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In recent and exciting news, the Food and Drug Administration has approved two different COVID-19 vaccinations for Emergency Use Authorization. This development leaves many employers wondering if they can require their employees to get the vaccine, and what they should do if some of their employees refuse. Luckily, the Equal Employment Opportunity Commission recently publish some guidance on how employers can handle this issue without violating their employees’ rights under various equal employment opportunity laws.

Can employers require their employees to get vaccinated once a vaccine becomes publicly available?

Yes. Employers can set a qualification standard that includes “a requirement that an individual shall not pose a direct threat to the health or safety of individuals in the workplace” without violating the Americans with Disability Act, as Amended. Mandatory COVID-19 vaccines would fall into this category. However, there are some exceptions.

If an employee is unable to receive the vaccine due to disability…

If requiring all employees to receive a COVID-19 vaccine tends to screen out individuals with disabilities, the employer must show that the unvaccinated employee would pose a direct threat to the workplace due to a “significant risk of substantial harm to the health or safety of the individual or others that cannot be eliminated or reduced by reasonable accommodation.” This means that, like any other qualified disabled employee, employers must engage in the interactive process to explore a reasonable accommodation for employees who are unable to receive a COVID-19 vaccine due to a disability. This could involve permitting the employee to work exclusively in a certain area of the workplace so that they do not pose as great a threat to others or allowing the employee to work remotely. Like all disability-related accommodations, employers are not required to provide accommodations that pose an undue hardship on their business.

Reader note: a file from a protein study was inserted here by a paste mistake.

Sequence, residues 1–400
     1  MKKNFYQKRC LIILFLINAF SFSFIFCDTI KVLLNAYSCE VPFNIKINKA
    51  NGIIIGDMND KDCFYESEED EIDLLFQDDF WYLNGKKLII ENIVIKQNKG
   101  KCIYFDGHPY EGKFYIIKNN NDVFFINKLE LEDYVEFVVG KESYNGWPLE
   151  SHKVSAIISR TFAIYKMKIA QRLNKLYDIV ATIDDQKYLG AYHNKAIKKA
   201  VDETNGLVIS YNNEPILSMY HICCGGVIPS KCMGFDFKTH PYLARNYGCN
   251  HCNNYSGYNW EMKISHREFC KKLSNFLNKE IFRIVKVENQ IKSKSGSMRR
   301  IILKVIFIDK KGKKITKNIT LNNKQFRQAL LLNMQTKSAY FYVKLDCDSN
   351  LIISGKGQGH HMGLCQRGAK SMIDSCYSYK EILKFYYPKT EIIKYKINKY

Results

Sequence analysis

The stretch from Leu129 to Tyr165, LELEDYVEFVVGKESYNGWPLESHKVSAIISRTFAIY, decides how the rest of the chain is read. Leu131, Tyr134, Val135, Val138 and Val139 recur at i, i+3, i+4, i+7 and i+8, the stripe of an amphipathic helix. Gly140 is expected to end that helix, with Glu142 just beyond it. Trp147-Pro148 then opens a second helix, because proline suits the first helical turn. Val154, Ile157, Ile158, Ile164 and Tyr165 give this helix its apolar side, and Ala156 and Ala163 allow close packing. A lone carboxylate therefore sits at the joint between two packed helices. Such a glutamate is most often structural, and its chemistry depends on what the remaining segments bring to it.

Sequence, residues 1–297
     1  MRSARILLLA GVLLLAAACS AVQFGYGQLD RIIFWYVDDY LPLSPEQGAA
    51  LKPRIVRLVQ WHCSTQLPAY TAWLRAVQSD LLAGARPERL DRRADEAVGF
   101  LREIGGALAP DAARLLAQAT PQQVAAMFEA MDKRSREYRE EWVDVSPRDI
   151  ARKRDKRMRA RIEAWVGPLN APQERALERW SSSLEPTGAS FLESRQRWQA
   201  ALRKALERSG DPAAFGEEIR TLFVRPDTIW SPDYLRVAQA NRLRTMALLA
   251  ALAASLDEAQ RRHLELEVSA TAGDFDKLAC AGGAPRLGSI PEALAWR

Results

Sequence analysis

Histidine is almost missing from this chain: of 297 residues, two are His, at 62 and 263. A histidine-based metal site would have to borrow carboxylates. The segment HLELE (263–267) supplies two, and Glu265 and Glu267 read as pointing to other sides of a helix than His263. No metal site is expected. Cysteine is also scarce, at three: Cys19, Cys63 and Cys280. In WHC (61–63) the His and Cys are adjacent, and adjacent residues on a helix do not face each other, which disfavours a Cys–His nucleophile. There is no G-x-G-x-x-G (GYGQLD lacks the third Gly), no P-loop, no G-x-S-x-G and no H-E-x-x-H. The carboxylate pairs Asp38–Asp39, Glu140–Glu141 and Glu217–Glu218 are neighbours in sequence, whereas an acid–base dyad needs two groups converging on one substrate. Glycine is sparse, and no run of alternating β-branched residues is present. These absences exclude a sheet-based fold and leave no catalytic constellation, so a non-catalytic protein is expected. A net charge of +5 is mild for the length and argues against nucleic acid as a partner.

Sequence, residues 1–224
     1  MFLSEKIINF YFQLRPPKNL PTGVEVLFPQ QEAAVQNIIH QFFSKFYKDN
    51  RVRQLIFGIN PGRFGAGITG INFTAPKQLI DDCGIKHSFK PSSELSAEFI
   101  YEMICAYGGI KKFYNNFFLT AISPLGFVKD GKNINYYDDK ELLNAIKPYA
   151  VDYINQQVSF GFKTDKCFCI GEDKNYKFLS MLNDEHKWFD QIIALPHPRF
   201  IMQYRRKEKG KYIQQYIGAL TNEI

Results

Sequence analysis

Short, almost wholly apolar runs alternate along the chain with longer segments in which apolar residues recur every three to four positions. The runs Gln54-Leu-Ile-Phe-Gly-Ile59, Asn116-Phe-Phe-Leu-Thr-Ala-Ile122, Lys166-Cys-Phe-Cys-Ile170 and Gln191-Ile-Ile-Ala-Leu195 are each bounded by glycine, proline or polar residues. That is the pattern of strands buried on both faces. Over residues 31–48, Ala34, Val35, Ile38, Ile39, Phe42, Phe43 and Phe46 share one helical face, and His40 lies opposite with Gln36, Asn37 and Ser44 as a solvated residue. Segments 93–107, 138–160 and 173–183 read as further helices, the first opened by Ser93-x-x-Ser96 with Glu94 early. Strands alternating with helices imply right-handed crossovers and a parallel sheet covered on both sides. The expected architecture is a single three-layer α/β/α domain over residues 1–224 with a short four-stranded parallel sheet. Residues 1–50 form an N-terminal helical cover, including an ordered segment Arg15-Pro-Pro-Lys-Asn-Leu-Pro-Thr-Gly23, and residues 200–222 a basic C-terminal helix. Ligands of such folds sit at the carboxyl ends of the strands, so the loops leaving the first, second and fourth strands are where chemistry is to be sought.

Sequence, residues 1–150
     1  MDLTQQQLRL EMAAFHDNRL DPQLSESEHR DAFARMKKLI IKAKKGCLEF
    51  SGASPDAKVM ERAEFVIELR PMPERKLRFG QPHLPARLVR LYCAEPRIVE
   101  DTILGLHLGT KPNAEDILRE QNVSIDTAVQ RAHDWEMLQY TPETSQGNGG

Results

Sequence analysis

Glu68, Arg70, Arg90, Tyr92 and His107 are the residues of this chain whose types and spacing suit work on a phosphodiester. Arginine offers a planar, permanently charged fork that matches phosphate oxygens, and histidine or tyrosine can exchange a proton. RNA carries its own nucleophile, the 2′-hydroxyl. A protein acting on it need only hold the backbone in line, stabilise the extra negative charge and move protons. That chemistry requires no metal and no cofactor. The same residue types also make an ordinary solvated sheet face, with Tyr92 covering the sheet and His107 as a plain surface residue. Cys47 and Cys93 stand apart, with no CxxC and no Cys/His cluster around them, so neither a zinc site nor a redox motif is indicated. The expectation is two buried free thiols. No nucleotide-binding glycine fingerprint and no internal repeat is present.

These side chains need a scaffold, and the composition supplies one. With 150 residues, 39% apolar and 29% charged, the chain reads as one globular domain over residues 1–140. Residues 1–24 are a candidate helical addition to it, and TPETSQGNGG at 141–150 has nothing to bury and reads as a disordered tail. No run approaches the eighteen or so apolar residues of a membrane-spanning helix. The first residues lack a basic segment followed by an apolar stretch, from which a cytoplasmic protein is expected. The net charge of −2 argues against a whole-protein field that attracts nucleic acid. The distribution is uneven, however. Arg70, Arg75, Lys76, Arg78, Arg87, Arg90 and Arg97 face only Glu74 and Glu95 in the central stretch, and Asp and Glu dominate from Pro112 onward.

If an employee refuses the vaccine due to sincerely held religious beliefs…

Under Title VII of the Civil Rights Act of 1964, employers must also make good faith efforts to accommodate employees who are unwilling to receive the vaccine due to sincerely held religious beliefs, so long as the accommodations do not pose an undue hardship on the employer’s business. If an employer has an objective basis for questioning either the religious nature or the sincerity of a particular employee’s purported religious belief, practice, or observance, then the employer can request additional supporting documentation.

Thompson Coe and myHRgenius Tip of the Week is not intended as a solicitation, does not constitute legal advice, and does not establish an attorney-client relationship.

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